About Ellen Shriner

I write short memoirs and personal essays on topics of interest to working women, middle-aged mothers, Baby Boomers, people who love to read and write, and those who belong to writers' groups and book groups.

This IS Your Real Life

Since the pandemic began I’ve told myself the quarantine restrictions were “for now.” That my real life would begin again later. 

Surprisingly, I was fairly patient with this odd limbo. Although I had bad days sometimes, I accepted that living with restrictions was necessary. I could handle this. My life was not all I wished for, but I could be content within the new parameters.

And seriously, I have nothing to complain of. 

Despite my acceptance I felt a level of distraction, a channel of disruption or low-key anxiety running in the background, keeping me from being wholly engaged in my days. 

Perhaps I was sparing myself from comprehending the limits and freaking out about them. But I was also banking my fires, saving my fully present self for later. As if this wasn’t my real life. 

After nearly 10 months, I understand I can’t keep holding back. This IS my real life. The days, weeks, months are ticking by. I won’t get them back. There’s no psychic bank account where the losses are preserved, waiting for me to claim them, and restore them to my life. 

My days are different from what I imagined they would be right now, but I remind myself that I’m already doing a lot of what I like to do. I’m still writing. Reading. Volunteering. Finding other creative outlets. I’m not as connected with friends and family as I’d like to be, but I call or video chat with them.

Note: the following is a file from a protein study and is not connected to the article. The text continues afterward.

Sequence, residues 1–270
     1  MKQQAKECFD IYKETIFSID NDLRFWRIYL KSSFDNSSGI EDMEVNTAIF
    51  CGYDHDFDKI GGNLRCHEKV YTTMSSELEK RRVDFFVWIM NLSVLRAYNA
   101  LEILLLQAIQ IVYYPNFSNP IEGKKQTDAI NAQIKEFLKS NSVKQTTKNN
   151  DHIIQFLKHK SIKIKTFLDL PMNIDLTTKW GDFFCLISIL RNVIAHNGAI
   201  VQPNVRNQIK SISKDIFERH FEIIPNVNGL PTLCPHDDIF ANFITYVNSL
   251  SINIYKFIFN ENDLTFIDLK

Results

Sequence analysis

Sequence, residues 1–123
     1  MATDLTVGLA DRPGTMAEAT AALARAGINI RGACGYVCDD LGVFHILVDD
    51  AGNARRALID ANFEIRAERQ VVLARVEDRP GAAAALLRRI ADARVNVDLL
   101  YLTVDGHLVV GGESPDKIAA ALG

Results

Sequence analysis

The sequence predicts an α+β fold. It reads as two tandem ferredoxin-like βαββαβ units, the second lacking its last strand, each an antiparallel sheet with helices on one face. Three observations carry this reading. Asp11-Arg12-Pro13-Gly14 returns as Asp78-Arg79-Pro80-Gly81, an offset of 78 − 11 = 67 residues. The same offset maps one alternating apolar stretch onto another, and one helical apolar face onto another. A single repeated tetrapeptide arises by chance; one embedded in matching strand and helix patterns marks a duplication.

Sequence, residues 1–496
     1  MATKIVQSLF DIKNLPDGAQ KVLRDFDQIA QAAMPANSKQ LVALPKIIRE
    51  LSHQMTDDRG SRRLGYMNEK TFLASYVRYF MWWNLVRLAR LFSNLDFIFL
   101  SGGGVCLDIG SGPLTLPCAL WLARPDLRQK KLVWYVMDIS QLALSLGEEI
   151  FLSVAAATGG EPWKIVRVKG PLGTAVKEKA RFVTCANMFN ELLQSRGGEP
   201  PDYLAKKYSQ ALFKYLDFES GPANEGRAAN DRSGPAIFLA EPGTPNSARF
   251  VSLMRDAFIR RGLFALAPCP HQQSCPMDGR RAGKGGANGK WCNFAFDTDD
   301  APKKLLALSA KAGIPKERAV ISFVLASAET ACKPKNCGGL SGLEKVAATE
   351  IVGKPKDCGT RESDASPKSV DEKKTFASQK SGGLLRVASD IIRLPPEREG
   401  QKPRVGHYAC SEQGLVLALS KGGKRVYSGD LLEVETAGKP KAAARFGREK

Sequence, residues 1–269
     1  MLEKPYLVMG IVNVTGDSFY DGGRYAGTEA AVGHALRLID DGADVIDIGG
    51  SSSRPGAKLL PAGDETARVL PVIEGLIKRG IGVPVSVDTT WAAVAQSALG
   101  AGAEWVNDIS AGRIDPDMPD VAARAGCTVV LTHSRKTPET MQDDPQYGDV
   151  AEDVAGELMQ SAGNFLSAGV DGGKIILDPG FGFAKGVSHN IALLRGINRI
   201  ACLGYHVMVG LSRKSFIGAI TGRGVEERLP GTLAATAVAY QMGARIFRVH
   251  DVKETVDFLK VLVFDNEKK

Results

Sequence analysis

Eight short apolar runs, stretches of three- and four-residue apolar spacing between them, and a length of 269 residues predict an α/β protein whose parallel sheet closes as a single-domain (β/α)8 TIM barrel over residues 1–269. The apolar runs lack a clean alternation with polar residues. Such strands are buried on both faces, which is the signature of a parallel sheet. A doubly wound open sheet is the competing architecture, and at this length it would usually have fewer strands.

I haven’t completely figured out how to be immersed in this life, but I know that’s the answer.

Artifacts

I’m at an odd intersection. The familiar objects from my childhood look like history to the rest of the world.

In the Before times when I casually shopped, I’d spot artifacts from my childhood at antique stores. Huh?!? Toys like Barbies and transistor radios, kitchen items like Pyrex bowl sets and milk glass spice jars, decorations like ashtrays and the glass swan currently on my buffet are . . . old enough to be collectible. Antiques. 

More startling was the realization that the purpose of those childhood objects will soon be obscure. Who fills decorative jars with spices anymore? When I was growing up, most homes had several ashtrays. Now they’re rare. 

I value antiques from my grandmothers like Depression glass decanters, silver trays, cut glass salt cellars, aprons, and dresser scarves (what I prefer to think of as ‘true’ antiques). Their quaintness and the memories they call up appeal to me, but I rarely use them because they are so high maintenance. If I want younger family members to appreciate those antiques, I’d have to explain their purpose and tell stories about people they’ve never met. 

Bringing the objects and the people who used them to life is hard, but here goes.

Last week I made a pecan pie from scratch using my grandmother’s old wooden rolling pin. Although I never made pie with her, she was the one who liked to bake, so I feel that connection when I use it. I floured an old embroidered linen towel and rolled out the crust on it, which brought to mind one of my grandmother Mimmie’s housekeeping tips.

She was from an era when women were expected to embroider towels, pillowcases, and dresser scarves (pretty cloths that covered up a lot of a dresser top to protect the wood—a lot of energy went into protecting furniture in her day). She or one of her sisters embroidered the towel which also had to be starched and ironed so it would look nice while hanging in the kitchen. 

As a girl, I wondered how I was supposed to use such a fancy towel. Mimmie showed me her secret: dry your hands on the part that doesn’t show—the part that hangs closest to the wall on the towel rack. That way the pretty ironed front would stay nice for a few days. No surprise that I use terrycloth towels in my kitchen!

Beyond the ‘antiques’ in my life is the realization that my lived experiences are also the stuff of history, but that’s a story for a different day!